In the USA Track and Field 10,000m Champs, a 10 year wait and a trip and a fall

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Olympians Karissa Schweizer and Joe Klecker won U.S. 10,000m titles to earn spots on the World Championships in Athletics team, but what happened behind them caused greater turmoil in Eugene, Oregon on Friday night.

Schweizer, 12th at the Tokyo Games, moved away from Alicia Monson in the final 200 meters to win the women’s race in 30:49.56. Schweizer, who was still returning from Achilles surgery in October, was just 1.57 seconds off his personal best. The video is here after 48 minutes.

Monson, who finished 13th at the Olympics, finished 1.53 seconds behind to grab the team‘s second spot for the world championships in July, also in Eugene.

The third and last place went to 31 years old Natasha Rogers, who made his first national team on the track. In 2012, Rogers finished second in the 10,000m at the Olympic Trials, but didn’t have the standard time to make the team.

Rogers had to fight until the very end. She jumped past Emilie Infeldbronze medalist at the 2015 World Cup, candidate for her first national team since 2017.

“I was nervous with, like, five yards to play. She almost took me there. Just my head, I was like, no, it’s mine today. So I was able to dig a little deeper, barely,” Rogers said. “It’s been a lot of heartache, failure, losing sponsorship at one point and crawling back.”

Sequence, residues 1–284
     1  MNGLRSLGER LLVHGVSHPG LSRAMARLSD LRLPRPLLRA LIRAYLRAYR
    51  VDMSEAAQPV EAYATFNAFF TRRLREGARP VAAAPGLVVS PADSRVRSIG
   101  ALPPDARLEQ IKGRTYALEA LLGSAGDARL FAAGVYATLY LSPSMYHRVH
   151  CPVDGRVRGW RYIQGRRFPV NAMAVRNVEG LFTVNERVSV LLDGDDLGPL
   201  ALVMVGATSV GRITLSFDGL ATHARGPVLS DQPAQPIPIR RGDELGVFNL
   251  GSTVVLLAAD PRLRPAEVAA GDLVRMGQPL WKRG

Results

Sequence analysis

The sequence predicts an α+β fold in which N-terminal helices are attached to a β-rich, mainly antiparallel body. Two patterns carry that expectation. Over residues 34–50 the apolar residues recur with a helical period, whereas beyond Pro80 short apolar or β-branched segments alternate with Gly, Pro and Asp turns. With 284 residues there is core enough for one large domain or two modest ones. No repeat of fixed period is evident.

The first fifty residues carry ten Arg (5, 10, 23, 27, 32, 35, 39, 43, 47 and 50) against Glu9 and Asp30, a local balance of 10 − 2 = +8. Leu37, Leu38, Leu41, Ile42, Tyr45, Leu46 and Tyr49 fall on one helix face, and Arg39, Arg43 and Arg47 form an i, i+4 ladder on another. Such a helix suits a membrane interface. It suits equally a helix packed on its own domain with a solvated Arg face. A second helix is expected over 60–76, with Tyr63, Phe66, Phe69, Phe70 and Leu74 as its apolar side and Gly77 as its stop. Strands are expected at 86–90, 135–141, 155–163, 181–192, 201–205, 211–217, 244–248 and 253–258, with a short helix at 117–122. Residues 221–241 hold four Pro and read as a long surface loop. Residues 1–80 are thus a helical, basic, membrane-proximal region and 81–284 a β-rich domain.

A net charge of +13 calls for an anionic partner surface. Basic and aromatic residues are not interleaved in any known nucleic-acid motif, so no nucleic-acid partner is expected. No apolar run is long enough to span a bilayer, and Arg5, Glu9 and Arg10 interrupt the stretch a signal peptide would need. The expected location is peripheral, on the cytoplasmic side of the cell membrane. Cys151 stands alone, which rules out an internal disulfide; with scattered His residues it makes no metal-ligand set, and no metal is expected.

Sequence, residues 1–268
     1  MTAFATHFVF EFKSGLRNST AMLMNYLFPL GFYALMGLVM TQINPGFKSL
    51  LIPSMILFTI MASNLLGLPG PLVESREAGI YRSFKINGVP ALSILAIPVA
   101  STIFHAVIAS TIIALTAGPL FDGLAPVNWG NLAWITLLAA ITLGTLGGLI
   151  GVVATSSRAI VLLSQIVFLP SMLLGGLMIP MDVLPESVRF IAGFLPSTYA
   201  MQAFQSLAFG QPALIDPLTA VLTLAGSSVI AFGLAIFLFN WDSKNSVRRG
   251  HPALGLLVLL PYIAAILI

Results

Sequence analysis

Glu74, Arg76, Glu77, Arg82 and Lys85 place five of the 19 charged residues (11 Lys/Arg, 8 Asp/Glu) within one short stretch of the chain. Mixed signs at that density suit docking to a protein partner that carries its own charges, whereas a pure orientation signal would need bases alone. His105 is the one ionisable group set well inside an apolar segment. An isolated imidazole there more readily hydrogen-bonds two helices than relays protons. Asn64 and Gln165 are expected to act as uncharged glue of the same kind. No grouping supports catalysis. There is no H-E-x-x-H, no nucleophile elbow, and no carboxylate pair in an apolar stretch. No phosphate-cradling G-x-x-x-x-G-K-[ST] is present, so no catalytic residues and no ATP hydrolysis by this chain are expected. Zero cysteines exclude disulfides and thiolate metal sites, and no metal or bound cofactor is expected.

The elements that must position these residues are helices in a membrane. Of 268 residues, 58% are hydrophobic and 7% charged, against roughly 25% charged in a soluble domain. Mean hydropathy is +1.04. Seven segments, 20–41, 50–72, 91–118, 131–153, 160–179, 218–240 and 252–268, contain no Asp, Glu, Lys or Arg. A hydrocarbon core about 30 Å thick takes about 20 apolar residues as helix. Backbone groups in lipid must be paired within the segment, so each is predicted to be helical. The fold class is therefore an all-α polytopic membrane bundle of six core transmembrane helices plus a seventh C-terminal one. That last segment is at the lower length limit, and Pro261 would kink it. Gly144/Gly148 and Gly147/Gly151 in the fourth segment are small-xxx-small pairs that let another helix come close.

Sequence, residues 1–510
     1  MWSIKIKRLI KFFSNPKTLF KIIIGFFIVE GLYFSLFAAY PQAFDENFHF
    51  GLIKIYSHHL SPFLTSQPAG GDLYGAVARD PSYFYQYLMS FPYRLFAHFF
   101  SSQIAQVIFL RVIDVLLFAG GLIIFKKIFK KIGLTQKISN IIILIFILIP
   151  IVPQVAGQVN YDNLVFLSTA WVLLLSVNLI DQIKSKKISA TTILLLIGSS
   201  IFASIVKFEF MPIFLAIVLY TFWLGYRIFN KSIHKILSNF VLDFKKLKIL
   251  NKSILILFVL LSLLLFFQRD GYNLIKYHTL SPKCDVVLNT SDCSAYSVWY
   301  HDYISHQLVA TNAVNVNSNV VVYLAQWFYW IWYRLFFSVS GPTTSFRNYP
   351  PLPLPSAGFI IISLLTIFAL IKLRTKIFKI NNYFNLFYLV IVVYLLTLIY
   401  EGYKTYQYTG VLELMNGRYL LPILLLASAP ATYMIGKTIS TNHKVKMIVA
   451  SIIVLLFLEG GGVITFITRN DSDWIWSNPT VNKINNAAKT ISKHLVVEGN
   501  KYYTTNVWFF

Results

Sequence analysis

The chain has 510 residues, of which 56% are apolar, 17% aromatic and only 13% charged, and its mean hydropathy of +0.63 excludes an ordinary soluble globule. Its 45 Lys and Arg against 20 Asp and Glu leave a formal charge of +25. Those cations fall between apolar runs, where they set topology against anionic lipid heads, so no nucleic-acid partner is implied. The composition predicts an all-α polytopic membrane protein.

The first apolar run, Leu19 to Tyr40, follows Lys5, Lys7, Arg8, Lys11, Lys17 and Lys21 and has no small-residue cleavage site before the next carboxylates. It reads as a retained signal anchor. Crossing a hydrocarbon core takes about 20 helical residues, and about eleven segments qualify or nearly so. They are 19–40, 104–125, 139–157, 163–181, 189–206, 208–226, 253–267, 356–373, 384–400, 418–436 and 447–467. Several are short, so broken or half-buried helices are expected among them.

The race lacked an Olympic Trials winner Emilie Sissonwho focused on road racing, and Elise Cranny, the 5000m winner of the Olympic trials who pulled out on Thursday saying she didn’t feel like herself in training. Cranny will be aiming for the 5000m at the USATF Outdoor Championships next month, also in Eugene, to make the world team.

The 10,000m races were an addition to the Préfontaine Classic weekend. NBC Sports airs live coverage of the main schedule on Saturday. The information is here.

Later Friday, Olympians Klecker and Grant Fisher completed an unsurprising double in the men’s 10,000m to earn world spots. Klecker crossed in 28:28.71, just a tenth ahead of Fisher, who was the top American in Tokyo in fifth place. The video is here at the 89 minute mark.

Behind them, Emmanuel Bor appeared en route to the third and final world spot. But he began to struggle, passed out in lane two and eventually crashed onto the track four strides from the finish line at Hayward Field. Bor, 34, was trying to make his first outdoor world team.

“Once I tripped, I knew it was over” Bor told LetsRun.com.

As he fell, he passed by Sean McGortya steeplechaser last year who rose from sixth on the final corner to grab the last world spot.

Woody Kincaidthe third Olympian from Tokyo, stopped two-thirds into the race after clinging to his side and grimacing.

Three more Friday night races billed as world record attempts – Burundi Francine Niyonsaba in the women’s two mile, Ethiopian Letesenbet Gidey in the women’s 5000m and in Uganda Joshua Cheptegei in the men’s 5000m — ended with zero records.

In the featured field event, the Olympic gold medalist Mondo Duplantis won a men’s pole vault duel with the silver medalist Chris Nilsen with a clearance of 5.91 meters.

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